As for reasons for writing – I just can’t help meself, Sir … though it’s probably relevant that I didn’t start ’til after my children were born – the theory being that I needed to create a universe I could control since I so clearly didn’t control the real one. But then I discovered that writing fiction has its own trajectory and often feels like I’m just documenting an alternative reality rather than controlling it …

  3. Jennyta says:

    I too had a story to tell and wrote mine in 50,000 words for the NaNoWriMo challenge 2 years ago (You write a novel of 50,000 words during the month of November and post it in a blog.) At the time it was very therapeutic although, strangely, I found that the characters and storyline developed in ways unforeseen when I started. Since then I have been in the process of redrafting, revising, developing, extending etc and it will soon be finished. Then the fun begins……….

  4. Julia says:

    Thanks for this post – I couldn’t agree more.

    You’re not the John Baker who taught the excellent ‘Poetry & narrative’ course I took at Birkbeck a couple of years ago are you?

    Anyway, really like the blog. Will call back soon.
    j

  5. john baker says:

    Not Birkbeck. No, not me. There are several clones of John Baker. And he’s not excellent, either. So, wrong on all counts.
    But thanks for calling by. Nice to meet you.
    Not excellent but he can be good sometimes.
    Or so I’ve heard.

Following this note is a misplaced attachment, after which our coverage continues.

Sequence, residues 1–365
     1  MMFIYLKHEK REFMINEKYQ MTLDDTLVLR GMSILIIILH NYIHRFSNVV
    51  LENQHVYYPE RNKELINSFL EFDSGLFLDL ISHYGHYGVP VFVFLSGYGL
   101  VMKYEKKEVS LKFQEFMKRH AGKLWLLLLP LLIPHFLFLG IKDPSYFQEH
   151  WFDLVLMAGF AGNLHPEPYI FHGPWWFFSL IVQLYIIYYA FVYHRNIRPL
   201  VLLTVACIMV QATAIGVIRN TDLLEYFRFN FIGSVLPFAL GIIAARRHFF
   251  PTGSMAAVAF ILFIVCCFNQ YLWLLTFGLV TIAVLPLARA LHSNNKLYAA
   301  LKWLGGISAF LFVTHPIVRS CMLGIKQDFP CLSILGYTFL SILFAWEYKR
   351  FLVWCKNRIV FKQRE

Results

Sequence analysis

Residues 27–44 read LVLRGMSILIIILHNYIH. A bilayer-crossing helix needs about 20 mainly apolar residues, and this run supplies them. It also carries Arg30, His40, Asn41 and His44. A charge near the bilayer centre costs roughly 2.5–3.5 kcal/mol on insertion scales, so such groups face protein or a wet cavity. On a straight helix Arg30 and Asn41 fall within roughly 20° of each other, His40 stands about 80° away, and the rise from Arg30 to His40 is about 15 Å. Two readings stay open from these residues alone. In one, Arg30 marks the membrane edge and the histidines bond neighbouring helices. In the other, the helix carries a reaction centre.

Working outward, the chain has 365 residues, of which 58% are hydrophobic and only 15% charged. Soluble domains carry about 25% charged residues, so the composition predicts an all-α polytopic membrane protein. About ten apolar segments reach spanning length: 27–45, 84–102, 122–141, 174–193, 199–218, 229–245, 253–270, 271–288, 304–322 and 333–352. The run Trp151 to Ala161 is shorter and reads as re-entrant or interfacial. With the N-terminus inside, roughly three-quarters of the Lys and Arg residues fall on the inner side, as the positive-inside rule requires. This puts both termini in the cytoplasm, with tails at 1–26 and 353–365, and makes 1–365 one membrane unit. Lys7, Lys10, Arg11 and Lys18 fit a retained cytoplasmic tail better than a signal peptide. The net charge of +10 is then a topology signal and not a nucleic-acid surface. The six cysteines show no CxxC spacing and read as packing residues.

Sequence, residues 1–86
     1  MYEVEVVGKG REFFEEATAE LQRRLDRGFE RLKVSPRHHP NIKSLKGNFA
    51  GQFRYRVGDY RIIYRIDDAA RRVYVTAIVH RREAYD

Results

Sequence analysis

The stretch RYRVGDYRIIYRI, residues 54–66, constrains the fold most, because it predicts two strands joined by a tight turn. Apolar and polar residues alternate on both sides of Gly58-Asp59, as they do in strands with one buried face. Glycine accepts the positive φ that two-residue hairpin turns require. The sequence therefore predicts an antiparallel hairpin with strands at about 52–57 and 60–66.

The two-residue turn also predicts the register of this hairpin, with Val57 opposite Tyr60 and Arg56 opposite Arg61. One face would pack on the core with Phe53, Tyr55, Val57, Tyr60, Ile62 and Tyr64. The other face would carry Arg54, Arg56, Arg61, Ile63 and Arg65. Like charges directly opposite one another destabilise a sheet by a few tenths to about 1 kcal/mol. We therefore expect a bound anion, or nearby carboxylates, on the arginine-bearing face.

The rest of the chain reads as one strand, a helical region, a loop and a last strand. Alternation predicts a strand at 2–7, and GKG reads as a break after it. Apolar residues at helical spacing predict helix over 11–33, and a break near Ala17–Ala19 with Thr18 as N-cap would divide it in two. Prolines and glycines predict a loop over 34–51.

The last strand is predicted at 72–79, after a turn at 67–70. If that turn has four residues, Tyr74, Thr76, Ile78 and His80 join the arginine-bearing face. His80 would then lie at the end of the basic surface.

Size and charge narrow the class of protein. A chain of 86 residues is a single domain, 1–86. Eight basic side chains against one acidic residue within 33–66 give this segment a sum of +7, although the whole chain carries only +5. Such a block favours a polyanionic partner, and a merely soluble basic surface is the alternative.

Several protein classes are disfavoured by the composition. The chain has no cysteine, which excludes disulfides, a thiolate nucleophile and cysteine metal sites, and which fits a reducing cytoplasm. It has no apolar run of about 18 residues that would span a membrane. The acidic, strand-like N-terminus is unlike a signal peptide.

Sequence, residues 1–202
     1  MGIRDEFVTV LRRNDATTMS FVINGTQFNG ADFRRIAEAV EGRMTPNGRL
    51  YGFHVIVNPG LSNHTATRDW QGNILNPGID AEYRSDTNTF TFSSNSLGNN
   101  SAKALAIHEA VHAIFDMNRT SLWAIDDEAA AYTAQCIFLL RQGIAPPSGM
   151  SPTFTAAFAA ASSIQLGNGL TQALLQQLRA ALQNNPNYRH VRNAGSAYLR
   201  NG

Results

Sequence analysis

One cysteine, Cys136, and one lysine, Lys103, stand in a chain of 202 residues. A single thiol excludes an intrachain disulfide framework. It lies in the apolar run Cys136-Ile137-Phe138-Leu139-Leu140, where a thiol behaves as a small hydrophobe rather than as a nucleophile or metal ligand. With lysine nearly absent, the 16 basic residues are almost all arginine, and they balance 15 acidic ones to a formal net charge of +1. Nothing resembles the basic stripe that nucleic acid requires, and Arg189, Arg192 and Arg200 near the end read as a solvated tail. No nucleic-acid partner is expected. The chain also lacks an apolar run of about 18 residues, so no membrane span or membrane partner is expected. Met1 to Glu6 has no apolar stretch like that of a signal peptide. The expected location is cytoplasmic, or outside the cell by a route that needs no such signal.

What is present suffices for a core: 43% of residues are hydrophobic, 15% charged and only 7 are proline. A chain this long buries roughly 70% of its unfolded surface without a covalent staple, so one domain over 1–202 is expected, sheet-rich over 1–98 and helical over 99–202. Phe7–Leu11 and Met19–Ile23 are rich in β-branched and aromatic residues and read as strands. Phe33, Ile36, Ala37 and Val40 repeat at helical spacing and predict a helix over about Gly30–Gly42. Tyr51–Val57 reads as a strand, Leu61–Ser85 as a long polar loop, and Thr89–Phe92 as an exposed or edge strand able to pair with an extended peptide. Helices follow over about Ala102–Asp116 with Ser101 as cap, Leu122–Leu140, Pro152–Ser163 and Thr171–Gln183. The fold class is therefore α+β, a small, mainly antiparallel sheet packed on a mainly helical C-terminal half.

6. litlove says:

    Some think that the essence of creativity is to find ever more inventive and accurate material representations for the emotions. So if you think of an emotion and imagine what it might look like as a solid, or a liquid, or a person, it gives you a way to play that can be productive. That being said I’ve only ever written academic texts, and I know I’m no fiction writer.

  7. john baker says:

    Thanks for the tip. And for calling in. I’ll try anything once. Twice.

  8. I love this post, especially the quotes from novels at the end.

  9. Michelle says:

    Thank you Mr John Baker, Learning to write I, provided food for thought!
    I have been writing personally for the last 15 years or so.. or should I say recording accounts of experiences.
    This morning however, quite like no other sitting with a cuppa in one hand whilst, one finger typing with the other hand… I felt the surge of reason engulf my thinking.. words emerse me into a world that appears as another time & place.. No more of a reason than that to simply write…Oh & maybe the amusement of sharing my many adventures.. te he he..
    Alas, I lack the literary skill & poise displayed by many writers that captivate my thinking. I rest in the knowledge of life experiences being a kin to a good book.. and just as tangible…

    Sorry to waffle..

    jb says: Fifteen years doing anything will give you an enormous advantage over people who have only been at it for a year or two, Michelle. The thing that usually lets would-be writers down is stamina. But if you can keep it up for fifteen years that’s not one of your problems.

  10. Michelle says:

    Thank you.

    I rarely see anything in life a problem, that does not have a solution or an answer. I guess identifying the course one must take to reach the solution is, in many a case the beginining of a journey in itself. Some hunger to reach that destination, during the course of which one may pleasently find others who have already embarked on that journey. From this we can only be thankful for the shared knowledge & experience.